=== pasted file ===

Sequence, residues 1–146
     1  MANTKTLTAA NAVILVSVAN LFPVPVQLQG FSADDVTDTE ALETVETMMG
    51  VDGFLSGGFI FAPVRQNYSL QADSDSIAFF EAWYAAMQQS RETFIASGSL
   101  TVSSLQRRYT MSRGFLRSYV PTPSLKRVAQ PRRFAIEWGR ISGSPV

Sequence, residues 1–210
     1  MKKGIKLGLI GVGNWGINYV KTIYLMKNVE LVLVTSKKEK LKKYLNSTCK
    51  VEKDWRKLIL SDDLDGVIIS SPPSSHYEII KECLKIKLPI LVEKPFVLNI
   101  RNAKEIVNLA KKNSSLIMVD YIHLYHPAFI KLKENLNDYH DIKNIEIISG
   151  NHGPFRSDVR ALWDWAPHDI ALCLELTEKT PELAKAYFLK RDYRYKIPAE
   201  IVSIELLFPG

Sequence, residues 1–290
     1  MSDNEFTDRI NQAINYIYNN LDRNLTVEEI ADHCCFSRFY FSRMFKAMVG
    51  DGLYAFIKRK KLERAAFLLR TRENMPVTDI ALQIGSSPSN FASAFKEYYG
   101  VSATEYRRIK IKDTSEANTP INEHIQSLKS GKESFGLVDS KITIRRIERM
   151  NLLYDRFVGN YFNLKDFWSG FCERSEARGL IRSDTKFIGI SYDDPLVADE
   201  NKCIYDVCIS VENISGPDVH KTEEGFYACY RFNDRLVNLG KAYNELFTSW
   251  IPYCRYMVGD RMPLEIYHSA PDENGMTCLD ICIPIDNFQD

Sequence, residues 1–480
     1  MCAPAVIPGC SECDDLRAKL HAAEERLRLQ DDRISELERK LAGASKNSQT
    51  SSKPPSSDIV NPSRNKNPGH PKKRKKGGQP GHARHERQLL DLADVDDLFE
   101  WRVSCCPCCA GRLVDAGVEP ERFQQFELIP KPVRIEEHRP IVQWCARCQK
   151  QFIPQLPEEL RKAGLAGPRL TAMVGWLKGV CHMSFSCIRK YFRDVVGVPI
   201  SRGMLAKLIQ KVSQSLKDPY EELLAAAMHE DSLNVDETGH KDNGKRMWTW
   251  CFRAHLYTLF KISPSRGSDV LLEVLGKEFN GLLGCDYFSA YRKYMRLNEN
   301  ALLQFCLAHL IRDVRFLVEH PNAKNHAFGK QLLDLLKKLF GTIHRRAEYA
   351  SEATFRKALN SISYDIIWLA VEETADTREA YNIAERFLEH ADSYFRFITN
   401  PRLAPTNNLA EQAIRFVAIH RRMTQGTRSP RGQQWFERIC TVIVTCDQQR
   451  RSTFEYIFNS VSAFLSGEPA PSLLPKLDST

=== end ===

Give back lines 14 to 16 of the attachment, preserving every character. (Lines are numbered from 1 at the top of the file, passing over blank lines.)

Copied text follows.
   101  VSATEYRRIK IKDTSEANTP INEHIQSLKS GKESFGLVDS KITIRRIERM
   151  NLLYDRFVGN YFNLKDFWSG FCERSEARGL IRSDTKFIGI SYDDPLVADE
   201  NKCIYDVCIS VENISGPDVH KTEEGFYACY RFNDRLVNLG KAYNELFTSW